Day 9: Revisiting the “perfect quino town” of Capura.

Day 9: Revisiting the “perfect quino town” of Capura.

At 8:30 Carlos and Miguel showed up to our Salinas hotel in a new Toyota Hilux to take us to AIPROCA’s monthly quinoa meeting in Capura, their rural quinoa community, a short 1 ½ hour drive away across dusty roads dotted with wild vicuna herds.  We had visited Capura in December 2016 for our Fair Trade quinoa research and it will be nice to see how things have progressed since then.  I remember Capura as being very organized, clean – a model quinoa town.  I asked the young men in their 20s if it was still like that and they agreed, smiling.  Miguel and Carlos are both from the large commercial town of Huari where the regional brewery is housed.  Carlos married into the community and is related through this marriage to Miguel.  He works as a carpenter in Oruro and Miguel is a taxi and private driver also in the large city of Oruro – 3 1/2 hours away.   They come to Capura for the monthly quinoa meetings and when any quinoa work needs to happen.  Otherwise the town is left under the care of just 2-3 families who stay there largely to take care of the llama herds.  There is a school and health post, but like most rural centers now, they ae no longer staffed or used because there is no need for them.  There is no one in the community of closed up homes.

AIPROCA is a large producer community with its 100+ members each cultivating about 15 hectacres of land under their Fair Trade, organic certifications – with a market value of about $30,000.  They are careful to follow the guidelines set by Fair Trade Europe and keep accurate records of investments into certified sprays, natural fertilizers, testing, and other projects such as recycling, greenhouse gardening, and erosion control. We were invited to a breakfast and lunch and shared a prepared powerpoint presentation with them explaining market cycles, sales chains, and consumer research my UMass and SIT students had completed in earlier semesters – as we examined the existence of markets for Certified Royal Quinoa and rare gourmet quinoa varieties.  The good news that came from my studies was that the Fair Trade price farmers wanted for their quinoa and were not getting, 800Bs per quintal ($0.51 a pound or a 30% increase over today’s certified Fair Trade organic prices) would result in the cost of a finished packaged box of quinoa raising from the current price of $7 at the Brattleboro Food Coop to $8.  Most consumers, remembering the days when quinoa cost upwards of $12 a pound, said they would gladly pay that if the product had a better nutritional value and quality (which it did).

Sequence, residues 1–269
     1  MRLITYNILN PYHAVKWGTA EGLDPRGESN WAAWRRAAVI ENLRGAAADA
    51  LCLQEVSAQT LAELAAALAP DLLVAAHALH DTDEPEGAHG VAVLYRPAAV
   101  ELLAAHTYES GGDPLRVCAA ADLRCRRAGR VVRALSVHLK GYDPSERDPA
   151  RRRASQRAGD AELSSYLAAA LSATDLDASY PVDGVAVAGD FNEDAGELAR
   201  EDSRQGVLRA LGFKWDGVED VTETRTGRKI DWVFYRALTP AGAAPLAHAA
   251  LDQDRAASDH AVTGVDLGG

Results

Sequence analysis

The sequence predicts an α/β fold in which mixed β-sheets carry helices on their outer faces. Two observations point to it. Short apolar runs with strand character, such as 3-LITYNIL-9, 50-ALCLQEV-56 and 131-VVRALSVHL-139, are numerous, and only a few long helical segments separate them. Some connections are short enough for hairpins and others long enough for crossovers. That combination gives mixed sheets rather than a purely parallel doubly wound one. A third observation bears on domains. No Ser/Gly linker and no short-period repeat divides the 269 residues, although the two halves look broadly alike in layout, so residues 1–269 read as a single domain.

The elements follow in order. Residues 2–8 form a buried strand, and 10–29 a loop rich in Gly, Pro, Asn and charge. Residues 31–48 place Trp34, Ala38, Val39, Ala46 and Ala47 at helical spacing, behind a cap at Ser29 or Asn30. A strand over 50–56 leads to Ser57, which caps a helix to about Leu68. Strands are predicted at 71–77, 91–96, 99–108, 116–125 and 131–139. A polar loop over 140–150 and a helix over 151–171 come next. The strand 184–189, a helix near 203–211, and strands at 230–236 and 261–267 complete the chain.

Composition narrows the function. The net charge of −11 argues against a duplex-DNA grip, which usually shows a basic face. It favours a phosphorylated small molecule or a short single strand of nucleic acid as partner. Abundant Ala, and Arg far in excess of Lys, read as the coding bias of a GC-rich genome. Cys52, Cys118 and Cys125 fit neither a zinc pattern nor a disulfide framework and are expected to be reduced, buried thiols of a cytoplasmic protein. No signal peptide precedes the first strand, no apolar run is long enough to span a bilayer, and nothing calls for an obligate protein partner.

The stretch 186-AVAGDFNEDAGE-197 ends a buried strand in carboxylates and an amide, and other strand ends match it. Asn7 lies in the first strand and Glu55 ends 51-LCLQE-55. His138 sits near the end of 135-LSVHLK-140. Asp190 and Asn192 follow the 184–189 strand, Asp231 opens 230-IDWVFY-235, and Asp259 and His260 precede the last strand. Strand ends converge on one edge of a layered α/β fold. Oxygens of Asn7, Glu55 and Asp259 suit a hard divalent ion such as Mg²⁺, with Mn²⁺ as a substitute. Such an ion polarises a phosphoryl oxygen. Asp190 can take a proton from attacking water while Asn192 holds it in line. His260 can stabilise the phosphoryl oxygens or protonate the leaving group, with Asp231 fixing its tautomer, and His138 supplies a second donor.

I shared this “proof of market” study with the US distributors, wholesalers and importers in the quinoa market chain.  None were interested in pursuing the marketing of quinoa varieties yet – there were busy enough with marketing the quinoa they did have – computing with others for new market sectors and loyal customers.

The quinoa producers from Capura enjoyed the presentation – though there were shocked at the final price that their $0.29 quinoa was sold at – they understood more clearly how and why the prices rose as the grain moved down the marketing chain.  They also understood what a mature market was and how product differentiation and the development of different market sectors were important for them to maintain their market position.

AIPROCA sells through SINDAN a large Fair Trade, organic quinoa exporter to Europe.  They are not so tied in with the European markets and who the final clients are of their quinoa, SINDAN handles that for them. The producers of Capura focus on what they do best, working together to grow large amounts of clean, healthy quinoa.  When not in the quinoa fields, families like Miguel’s and Carlos’ live in Oruro or Cochabamba, preferring the opportunity, education and ease of living these places bring – over the beautiful though windswept and dusty isolation of Capura.

After we finished our presentations, surveys, workshops, took photos, had lunch and said our goodbyes, Carlos and Miguel took us to Challapata – 1 ½ hours away, to drop us off at the bus stop to Uyuni and leave us for the next part of our quinoa adventure.

Comments

  1. Jesse Lepkoff says:

    Cool that you gave this presentation to the community.

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